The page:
What is it about?
The last book in The Infernal Devices trilogy (you can read my review of Clockwork Angel here, and of Clockwork Prince here), I read this only out of blind obligation; I had to finish what I started. This follows on from the first two books of the series, as we see everything come to a head – Mortmain’s automaton army and his plans for Tessa, Tessa’s self-discovery, Jem’s illness, Charlotte’s enemies inside the Shadowhunting council, Will’s love for his best friend’s fiance, the mysterious powers of the clockwork angel, oh, and the million other love stories rambling on in the background. It is an emotional rollercoaster that travels over the breadth of Britain, from London to Wales to Yorkshire.
Is it any good?
This is, in my opinion, the worst book of the trilogy (which is saying something, as you will know if you have read my reviews of its predecessors). Everything felt like a bit of a blur, and everything became sort of muddled, especially in the painfully poorly written battle scenes. Whilst there were a couple of clever twists, it was mostly a predictable plot riddled with contradictions and cliches. Clary’s writing style, too, leaves a lot to be desired; she uses the same figures of speech over and over. The epilogue, however, is the one redeeming factor – it tugged at my heart and made me smile, knowing that Tessa could be happy after the hellish events of the book, just as I could be after having to read such a hellish piece of literature. But then, maybe I am being to harsh; nothing was ever going to live up to the swooping story arcs in The Mortal Instruments, and I should never have expected this attempt to wring out more money of a an already stretched young-adult series.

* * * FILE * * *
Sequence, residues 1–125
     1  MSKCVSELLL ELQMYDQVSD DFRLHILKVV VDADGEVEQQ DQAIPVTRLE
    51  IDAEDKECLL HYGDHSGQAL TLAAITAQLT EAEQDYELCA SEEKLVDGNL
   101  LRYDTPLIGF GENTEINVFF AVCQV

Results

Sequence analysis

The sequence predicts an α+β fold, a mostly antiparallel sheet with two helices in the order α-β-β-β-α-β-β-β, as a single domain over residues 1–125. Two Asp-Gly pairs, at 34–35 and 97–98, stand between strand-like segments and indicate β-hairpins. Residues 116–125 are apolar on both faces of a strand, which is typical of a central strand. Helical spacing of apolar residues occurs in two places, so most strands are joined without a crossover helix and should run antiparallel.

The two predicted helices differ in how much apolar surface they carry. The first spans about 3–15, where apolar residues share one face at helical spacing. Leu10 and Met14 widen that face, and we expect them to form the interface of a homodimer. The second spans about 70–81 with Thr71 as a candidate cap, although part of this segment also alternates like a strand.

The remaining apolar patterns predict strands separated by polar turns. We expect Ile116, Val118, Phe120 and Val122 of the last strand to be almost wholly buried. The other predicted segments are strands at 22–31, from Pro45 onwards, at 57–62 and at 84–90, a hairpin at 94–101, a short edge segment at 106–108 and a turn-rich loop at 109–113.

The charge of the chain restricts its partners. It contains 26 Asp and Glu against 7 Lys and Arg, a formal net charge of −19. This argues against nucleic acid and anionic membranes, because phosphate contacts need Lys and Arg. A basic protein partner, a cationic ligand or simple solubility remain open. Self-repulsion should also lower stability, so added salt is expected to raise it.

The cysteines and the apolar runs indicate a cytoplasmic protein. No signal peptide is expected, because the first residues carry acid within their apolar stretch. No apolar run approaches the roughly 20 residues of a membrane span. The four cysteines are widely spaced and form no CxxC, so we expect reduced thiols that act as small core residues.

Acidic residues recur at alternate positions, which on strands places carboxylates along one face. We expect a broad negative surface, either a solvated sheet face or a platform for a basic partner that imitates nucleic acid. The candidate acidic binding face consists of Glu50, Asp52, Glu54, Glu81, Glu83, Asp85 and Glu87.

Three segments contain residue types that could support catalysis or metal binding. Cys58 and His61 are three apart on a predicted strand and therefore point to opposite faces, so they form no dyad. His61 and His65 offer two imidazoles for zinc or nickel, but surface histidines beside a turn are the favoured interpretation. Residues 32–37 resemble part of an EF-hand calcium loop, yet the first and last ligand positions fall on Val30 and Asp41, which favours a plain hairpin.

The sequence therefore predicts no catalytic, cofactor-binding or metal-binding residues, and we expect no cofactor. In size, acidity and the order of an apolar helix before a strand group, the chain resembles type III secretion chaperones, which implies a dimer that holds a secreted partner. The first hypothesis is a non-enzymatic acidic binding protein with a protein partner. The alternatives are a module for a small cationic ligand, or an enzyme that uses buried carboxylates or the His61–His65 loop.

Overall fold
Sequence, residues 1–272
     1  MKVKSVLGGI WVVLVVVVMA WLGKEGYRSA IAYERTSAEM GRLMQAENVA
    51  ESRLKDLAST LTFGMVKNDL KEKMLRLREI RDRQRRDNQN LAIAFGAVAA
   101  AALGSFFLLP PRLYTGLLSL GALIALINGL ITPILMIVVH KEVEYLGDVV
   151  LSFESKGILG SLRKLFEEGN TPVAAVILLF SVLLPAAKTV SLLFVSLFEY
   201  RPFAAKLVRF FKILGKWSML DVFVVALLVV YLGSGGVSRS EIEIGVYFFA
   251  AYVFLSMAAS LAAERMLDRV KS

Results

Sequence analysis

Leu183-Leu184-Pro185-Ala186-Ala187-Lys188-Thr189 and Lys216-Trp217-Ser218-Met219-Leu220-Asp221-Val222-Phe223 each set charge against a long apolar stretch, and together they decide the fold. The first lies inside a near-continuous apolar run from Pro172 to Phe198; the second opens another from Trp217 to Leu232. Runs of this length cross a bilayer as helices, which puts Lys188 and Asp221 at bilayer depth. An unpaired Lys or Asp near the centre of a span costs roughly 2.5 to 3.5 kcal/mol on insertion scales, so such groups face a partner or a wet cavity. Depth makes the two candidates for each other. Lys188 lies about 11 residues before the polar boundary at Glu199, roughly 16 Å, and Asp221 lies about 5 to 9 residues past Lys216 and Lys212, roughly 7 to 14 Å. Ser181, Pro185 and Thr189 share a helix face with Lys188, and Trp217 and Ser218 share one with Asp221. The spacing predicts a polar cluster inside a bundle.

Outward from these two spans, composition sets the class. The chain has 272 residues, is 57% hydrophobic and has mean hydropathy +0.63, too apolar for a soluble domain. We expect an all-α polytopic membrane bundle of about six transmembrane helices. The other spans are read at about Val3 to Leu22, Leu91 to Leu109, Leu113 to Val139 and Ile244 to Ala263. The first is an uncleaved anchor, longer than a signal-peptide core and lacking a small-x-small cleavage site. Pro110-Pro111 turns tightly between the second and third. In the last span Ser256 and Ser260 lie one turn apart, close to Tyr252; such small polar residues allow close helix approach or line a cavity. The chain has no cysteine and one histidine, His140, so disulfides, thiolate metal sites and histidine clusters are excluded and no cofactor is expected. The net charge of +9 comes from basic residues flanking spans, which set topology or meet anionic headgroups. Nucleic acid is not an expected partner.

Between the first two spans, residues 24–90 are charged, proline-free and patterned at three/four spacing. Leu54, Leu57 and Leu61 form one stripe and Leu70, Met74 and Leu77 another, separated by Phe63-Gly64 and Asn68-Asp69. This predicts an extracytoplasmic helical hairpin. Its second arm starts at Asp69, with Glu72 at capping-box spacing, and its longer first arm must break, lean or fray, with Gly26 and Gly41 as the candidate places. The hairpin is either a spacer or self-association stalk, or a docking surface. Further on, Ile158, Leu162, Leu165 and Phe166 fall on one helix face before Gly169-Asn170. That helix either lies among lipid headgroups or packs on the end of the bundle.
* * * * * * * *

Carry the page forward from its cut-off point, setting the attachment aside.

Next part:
How long did it take to read: six days
For fans of: love stories, Twilight, sort-of-happy endings, books that leave it up to you to find the enjoyment in it
This book tastes like: sickly sweet, slightly out of date marzipan